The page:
All Saints’ Day is a Catholic celebration day held on November 1st and honoring all saints, both known and unknown. It is followed on November 2 by the Commemoration of All the Faithful Departed, also known as All Souls’ Day or Day of the Dead.
The exact origin of All Saints’ Day is not really known, but in the 4th century, festivals celebrating all the martyrs already existed. Nevertheless, All Saints’ Day has been celebrated on November 1st since the 8th century when Pope Gregory III dedicated a chapel in the Old St. Peter’s Basilica in Rome to all the saints.
On the Day of the Dead, Christians pray for their departed loved ones and thus commemorate their souls.
In France, the Day of the Dead is celebrated on November 1st because this day is a public holiday, so it is more convenient. For the occasion, we go to the cemeteries to commune with ourselves on graves of our loved ones and it is customary to place chrysanthemums.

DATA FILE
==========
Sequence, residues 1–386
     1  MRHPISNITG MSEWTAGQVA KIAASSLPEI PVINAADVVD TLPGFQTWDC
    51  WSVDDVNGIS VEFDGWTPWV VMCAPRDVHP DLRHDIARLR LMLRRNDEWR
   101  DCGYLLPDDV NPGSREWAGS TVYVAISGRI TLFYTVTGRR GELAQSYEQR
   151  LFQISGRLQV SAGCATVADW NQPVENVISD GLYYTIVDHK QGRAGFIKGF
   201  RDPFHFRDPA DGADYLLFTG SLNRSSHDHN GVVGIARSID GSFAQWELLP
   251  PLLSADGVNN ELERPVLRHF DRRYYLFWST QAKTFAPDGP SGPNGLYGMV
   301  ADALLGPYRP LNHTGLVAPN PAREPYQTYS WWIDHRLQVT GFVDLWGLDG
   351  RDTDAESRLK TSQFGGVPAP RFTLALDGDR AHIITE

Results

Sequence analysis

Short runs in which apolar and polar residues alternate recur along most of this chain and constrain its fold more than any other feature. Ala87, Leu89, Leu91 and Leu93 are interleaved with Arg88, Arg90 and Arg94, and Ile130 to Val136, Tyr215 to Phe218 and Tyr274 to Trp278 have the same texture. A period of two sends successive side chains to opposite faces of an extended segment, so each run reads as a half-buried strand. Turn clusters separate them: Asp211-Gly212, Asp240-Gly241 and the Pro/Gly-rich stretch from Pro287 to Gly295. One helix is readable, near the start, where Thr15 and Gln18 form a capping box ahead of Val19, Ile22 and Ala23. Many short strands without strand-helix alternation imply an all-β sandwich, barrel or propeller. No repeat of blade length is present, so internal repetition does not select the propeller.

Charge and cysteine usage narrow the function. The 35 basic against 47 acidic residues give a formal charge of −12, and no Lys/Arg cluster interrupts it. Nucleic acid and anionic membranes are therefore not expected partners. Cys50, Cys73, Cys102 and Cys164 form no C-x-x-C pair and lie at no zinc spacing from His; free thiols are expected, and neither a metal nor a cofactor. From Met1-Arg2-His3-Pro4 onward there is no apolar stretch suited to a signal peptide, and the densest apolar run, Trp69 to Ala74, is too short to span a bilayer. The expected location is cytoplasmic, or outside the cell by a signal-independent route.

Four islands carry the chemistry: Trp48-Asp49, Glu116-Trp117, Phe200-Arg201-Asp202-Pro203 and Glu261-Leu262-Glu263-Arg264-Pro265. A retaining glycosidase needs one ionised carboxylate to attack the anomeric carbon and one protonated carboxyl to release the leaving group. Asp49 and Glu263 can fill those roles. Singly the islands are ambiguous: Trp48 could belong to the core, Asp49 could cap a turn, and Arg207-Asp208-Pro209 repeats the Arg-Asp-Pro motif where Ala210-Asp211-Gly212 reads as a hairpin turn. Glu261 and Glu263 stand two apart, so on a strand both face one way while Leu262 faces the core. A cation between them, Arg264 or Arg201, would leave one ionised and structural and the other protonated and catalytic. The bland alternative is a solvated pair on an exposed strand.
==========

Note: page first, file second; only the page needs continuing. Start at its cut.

El Día de los Muertos (in Spanish) is celebrated in different ways in Mexican culture.
Generally, the festivities begin on October 31 and end on November 2. This tradition is inscribed since 2008 in the Representative List of the Intangible Cultural Heritage of Humanity by UNESCO.
The celebrations are joyful, people remember anectodes and amusing events concerning the deceased, they put flower petals on the ground, light candles, bring food as offerings. They also make altars for the deceased in their homes.